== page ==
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This edited volume, full of new and original perspectives, makes an important contribution to the anthropological and historical study of ritual...this fine collection of essays is a challenging and provocative contribution to the study of ritual, and certainly one that ought to change the ways in which anthropologists conceive of ritual. * Journal of the Royal Anthropological Institute Historically, canonic studies of ritual have discussed and explained ritual organization, action, and transformation primarily as representations of broader cultural and social orders. In the present, as in the past, less attention is given to the power of ritual to organize and effect transformation through its own dynamics. Breaking with convention, the contributors to this volume were asked to discuss ritual first and foremost in relation to itself, in its own right, and only then in relation to its socio-cultural context. The results attest to the variable capacities of rites to effect transformation through themselves, and to the study of phenomena in their own right as a fertile approach to comprehending ritual dynamics. Born in Montreal, Don Handelman is Sarah Allen Shaine Professor of Anthropology & Sociology at the Hebrew University of Jerusalem, and a member of the Israel Academy of Sciences and Humanities. He has written extensively on ritual, play, expressive culture, and bureaucratic logic and the modern state. Galina Lindquist was born in Russia, and trained as anthropologist in Sweden. She received her degree at the Department of Social Anthropology, University of Stockholm, for the study of urban shamans in Scandinavia. Since then she has done work in medical anthropology and anthropology of religion, with a special focus on folk religious and healing practices.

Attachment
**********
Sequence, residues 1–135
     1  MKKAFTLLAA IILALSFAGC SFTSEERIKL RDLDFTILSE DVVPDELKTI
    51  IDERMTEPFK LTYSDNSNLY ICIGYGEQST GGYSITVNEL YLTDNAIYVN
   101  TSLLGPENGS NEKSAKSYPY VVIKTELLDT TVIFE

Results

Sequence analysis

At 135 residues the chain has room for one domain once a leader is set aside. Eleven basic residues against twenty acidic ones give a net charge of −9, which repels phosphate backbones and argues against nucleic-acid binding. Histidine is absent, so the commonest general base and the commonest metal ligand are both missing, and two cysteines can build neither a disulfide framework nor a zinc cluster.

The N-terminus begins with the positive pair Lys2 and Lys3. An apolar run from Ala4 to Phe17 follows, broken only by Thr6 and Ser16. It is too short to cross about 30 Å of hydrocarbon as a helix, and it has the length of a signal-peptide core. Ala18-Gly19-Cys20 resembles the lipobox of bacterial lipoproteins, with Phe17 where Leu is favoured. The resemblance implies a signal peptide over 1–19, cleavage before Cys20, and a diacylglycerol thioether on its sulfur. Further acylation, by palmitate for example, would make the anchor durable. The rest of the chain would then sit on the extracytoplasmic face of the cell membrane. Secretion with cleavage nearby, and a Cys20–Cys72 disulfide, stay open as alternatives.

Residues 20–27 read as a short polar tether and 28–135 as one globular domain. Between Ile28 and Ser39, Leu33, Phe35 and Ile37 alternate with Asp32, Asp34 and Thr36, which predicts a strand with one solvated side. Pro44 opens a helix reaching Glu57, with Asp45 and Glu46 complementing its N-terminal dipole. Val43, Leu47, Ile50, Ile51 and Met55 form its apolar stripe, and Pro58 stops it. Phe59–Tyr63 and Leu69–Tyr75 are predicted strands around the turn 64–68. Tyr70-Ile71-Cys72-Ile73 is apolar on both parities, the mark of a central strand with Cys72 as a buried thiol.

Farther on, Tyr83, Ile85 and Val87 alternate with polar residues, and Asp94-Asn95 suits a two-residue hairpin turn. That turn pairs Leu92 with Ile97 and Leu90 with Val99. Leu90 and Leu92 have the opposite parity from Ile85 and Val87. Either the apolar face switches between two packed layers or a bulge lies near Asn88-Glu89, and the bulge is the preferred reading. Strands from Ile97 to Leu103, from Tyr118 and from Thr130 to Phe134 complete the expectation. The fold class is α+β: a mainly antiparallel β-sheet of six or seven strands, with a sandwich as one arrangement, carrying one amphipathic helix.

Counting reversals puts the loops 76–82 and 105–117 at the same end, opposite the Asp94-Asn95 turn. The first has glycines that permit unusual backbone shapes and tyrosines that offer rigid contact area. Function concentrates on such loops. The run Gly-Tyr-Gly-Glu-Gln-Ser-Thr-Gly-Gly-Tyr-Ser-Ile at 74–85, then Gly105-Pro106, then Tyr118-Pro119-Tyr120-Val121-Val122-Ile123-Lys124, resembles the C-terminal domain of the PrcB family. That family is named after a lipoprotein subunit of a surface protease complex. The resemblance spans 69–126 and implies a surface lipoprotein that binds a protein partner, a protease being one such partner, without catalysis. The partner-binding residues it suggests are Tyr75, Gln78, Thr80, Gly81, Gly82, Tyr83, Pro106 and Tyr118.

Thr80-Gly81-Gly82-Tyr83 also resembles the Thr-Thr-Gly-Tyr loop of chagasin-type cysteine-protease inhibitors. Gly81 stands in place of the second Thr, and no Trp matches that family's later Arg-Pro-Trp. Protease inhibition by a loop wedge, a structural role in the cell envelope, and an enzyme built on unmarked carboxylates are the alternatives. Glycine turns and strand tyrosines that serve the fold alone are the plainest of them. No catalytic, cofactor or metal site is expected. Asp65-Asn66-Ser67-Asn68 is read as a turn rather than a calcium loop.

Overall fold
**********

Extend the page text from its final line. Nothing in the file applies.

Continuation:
This collection of essays and selected poetry responds to an address on Samoan religious culture given by Samoa's Head of State, His Highness Tui Atua Tupua Tamasese Ta'isi Tupuola Tufuga Efi, to the 2009 Parliament of the World's Religions. The address challenges some fundamental aspects of and assumptions in modern Samoan indigenous religious culture.